The Los Angeles Dodgers are hoping to repeat as NL West Champs for the fifth-straight year in 2017. They have one of the league’s most talented rosters, so that should be easy for them. The hard part is progressing past the first round, as they have not made it to the World Series once in their run as NL West kings. The team has a ton of depth and prospects at every slot, so the embarrassment of riches makes for some tough decisions. Here are some guesses on their final 25-man roster [Jeff]
Catcher (2): Yasmani Grandal, Austin Barnes
Catcher is an easy choice. Grandal is the everyday starter, and Barnes is the only backup on their active roster at this point. Grandal was one of the Dodgers bit by the 2016 injury bug, playing in just 126 games last season.
First Baseman (1): Adrian Gonzalez
The Dodgers will carry just one dedicated first baseman on their 2017 roster. This is because Chase Utley (2B) and Scott Van Slyke (OF) can both play first base, which will free up some roster slots for the Dodgers.
Second Baseman (3): Logan Forsythe, Chase Utley, Kiké Hernandez
It’s odd to see a team carry this many second basemen, given they usually do not get injured and 2B/3B and 2B/SS super-utility players are a dime a dozen. In the Dodgers’ case, however, Utley is also the backup at first baseman, and Hernandez provides outfield depth. Ideally, neither plays more than a mop-up role at second.
Shortstop (1): Corey Seager
The Dodgers’ outfield injury woes leave them without a true backup to Seager. Not like they’ll need it. Seager is one of the league’s up-and-coming stars and is in no need of platooning or rest. He could conceivably start 162, though once Andre Ethier comes back they can break up the LF platoon and get Chris Taylor back into the majors to spell Seager from time-to-time.
Third Baseman (1): Justin Turner
Turner is the sole dedicated third baseman because the current de facto backup is starting second baseman, Logan Forsythe. Turner has enjoyed a career renaissance manning the hot corner for the Boys in Blue.
Outfield (5): Franklin Gutierrez, Andrew Toles, Joc Pederson, Yasiel Puig, Scott Van Slyke
With Andre Ethier shelved with a back issue, the left field slot will be a Guti & Toles platoon. Pederson will man center field and hope to put a full season together. Puig returns from exile and hopes to return to his form that made him one of the league’s up-and-coming stars. Van Slyke backs up the whole lot of them as well as first base.
Starting Pitcher (5): Clayton Kershaw, Rich Hill, Kenta Maeda, Brandon McCarthy, Hyun-jin Ryu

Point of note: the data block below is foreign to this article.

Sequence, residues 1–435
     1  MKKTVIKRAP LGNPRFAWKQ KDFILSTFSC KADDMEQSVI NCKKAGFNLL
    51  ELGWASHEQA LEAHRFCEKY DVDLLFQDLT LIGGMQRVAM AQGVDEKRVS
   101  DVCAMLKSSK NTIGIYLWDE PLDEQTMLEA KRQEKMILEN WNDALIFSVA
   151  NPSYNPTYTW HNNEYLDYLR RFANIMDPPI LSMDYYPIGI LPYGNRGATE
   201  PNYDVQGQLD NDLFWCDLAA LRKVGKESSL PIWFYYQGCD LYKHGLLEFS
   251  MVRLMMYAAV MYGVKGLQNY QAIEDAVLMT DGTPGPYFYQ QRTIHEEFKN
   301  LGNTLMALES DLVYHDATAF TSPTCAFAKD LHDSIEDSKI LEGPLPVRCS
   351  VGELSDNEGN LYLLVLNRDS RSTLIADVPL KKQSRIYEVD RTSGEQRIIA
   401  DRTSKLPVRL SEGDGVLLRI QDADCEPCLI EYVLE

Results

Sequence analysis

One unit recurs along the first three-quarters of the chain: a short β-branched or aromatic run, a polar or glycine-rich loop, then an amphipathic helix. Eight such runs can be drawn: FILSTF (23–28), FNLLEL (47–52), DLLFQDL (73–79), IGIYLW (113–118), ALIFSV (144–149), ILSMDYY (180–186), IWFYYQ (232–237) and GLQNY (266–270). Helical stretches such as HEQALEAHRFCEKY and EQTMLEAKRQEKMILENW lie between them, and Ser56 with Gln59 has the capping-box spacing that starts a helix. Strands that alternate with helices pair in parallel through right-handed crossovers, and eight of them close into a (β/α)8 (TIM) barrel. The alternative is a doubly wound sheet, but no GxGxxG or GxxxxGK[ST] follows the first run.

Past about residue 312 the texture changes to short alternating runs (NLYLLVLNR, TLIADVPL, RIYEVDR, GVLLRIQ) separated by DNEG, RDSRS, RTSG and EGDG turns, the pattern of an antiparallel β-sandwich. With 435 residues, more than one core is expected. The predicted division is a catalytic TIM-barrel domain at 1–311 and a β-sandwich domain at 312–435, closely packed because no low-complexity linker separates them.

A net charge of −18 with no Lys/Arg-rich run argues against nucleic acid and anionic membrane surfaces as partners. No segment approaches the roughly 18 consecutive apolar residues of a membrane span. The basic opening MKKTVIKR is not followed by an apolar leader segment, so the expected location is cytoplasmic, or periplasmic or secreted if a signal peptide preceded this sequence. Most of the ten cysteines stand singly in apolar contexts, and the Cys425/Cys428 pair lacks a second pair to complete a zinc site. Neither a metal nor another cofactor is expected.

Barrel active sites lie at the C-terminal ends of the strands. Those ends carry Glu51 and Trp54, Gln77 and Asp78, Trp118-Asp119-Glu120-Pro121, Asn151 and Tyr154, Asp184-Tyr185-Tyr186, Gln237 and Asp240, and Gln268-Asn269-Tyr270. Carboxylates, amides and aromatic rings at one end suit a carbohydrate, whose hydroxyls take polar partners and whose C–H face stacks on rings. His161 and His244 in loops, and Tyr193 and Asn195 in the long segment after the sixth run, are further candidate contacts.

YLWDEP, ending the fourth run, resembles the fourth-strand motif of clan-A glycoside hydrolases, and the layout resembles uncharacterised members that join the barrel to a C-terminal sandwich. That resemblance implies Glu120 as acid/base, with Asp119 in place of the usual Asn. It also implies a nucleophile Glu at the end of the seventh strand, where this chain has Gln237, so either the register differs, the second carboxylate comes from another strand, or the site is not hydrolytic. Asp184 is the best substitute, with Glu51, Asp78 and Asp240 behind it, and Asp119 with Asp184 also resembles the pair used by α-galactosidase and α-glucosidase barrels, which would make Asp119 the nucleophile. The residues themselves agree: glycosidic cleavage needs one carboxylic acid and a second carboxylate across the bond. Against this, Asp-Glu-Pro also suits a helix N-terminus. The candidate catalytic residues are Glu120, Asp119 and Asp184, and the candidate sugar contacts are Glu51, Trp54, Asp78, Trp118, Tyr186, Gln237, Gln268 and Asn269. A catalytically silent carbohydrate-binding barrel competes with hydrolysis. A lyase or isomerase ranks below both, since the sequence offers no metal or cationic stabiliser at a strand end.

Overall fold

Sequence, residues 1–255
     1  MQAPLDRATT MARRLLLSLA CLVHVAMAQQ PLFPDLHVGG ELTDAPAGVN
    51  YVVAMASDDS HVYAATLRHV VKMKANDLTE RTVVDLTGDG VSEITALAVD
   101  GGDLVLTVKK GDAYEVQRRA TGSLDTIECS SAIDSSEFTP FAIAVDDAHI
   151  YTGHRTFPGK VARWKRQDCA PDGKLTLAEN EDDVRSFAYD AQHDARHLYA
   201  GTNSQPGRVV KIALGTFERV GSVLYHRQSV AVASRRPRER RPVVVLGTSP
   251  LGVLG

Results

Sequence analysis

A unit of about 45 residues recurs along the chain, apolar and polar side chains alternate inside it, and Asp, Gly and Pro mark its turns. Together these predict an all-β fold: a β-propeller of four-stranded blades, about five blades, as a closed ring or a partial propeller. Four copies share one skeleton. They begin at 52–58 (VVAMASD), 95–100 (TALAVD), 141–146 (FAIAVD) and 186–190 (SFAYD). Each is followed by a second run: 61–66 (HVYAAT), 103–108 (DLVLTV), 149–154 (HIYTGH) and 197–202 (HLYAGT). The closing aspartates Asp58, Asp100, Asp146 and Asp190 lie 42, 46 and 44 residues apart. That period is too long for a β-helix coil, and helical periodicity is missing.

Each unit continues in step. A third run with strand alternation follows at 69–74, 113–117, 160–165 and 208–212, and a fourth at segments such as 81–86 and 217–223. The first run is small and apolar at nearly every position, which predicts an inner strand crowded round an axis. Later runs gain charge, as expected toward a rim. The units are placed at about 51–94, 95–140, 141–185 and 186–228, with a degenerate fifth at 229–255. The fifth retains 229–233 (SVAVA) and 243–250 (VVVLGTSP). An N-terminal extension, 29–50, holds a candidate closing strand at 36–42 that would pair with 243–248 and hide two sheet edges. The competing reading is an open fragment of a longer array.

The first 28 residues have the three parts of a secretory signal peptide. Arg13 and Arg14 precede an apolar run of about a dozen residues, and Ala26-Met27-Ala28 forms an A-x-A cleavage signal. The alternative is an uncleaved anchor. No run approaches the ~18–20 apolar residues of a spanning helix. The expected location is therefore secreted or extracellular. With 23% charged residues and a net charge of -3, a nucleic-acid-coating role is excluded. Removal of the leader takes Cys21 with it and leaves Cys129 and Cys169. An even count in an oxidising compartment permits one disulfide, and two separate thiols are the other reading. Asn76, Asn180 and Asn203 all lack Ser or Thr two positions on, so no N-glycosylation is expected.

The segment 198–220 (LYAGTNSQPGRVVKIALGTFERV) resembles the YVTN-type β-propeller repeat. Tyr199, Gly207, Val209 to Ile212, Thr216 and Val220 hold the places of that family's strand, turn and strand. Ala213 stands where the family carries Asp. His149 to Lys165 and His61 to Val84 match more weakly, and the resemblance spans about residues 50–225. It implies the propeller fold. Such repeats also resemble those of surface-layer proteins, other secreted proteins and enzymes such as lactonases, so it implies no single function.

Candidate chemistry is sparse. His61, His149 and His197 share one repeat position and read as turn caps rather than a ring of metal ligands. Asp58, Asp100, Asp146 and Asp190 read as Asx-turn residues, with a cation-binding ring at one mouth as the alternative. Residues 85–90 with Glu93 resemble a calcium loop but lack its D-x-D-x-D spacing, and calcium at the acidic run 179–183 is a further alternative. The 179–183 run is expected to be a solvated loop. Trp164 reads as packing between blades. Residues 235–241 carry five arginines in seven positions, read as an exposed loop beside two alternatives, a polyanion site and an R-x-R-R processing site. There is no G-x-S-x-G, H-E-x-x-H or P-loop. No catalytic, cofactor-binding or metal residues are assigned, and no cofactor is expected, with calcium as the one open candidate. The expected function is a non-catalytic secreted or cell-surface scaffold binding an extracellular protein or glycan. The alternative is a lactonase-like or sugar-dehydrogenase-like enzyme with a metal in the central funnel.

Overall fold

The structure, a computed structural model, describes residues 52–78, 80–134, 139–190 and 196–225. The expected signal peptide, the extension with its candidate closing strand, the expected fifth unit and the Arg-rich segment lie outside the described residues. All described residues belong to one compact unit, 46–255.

This is where things get interesting for the Los Angeles Dodgers. There is no doubt in Kershaw, Hill, and Maeda as one-two-three. The last two slots come down to Ryu, McCarthy, Alex Wood and Scott Kazmir. Kazmir’s fastball currently sits barely above the speed limit of Highway 5 and isn’t going to be ready for Opening Day. With Ryu and McCarthy making their way back from injury and without options, Wood is the odd man out. He’ll be up as soon as one of the others go down (that’s a when, not if).
Relief Pitchers (7): Grant Dayton, Josh Fields, Adam Liberatore, Sergio Romo, Ross Stripling, Julio Urias, Kenley Jansen (closer)
With Yimi Garcia and Pedro Baez shelved, there is space in the bullpen for others. Dayton quietly had one of the best non-closer reliever seasons in baseball last year, and Fields and Liberatore were also good enough to ensure secured roles this year. Newcomer Sergio Romo will set up closer Kenley Jansen. Stripling and Urias will be long-inning guys for the Dodgers. The Dodgers will stretch out either in a pinch in case of an injury. Urias will end up in the rotation in the second half of the year. He’s young and the Dodgers will move him along slowly. Thus, he starts in the bullpen.
Injuries have left lots of question marks for the 2017 Los Angeles Dodgers. This isn’t anything new for the squad, as their last few years have been riddled with injuries. While this is likely to be the starting 25-man roster, it is highly unlikely it ends this way. Luckily for the Dodgers, they built in positional redundancies around the whole squad. They may cycle through players, but they are likely NL West champs thanks to organizational depth.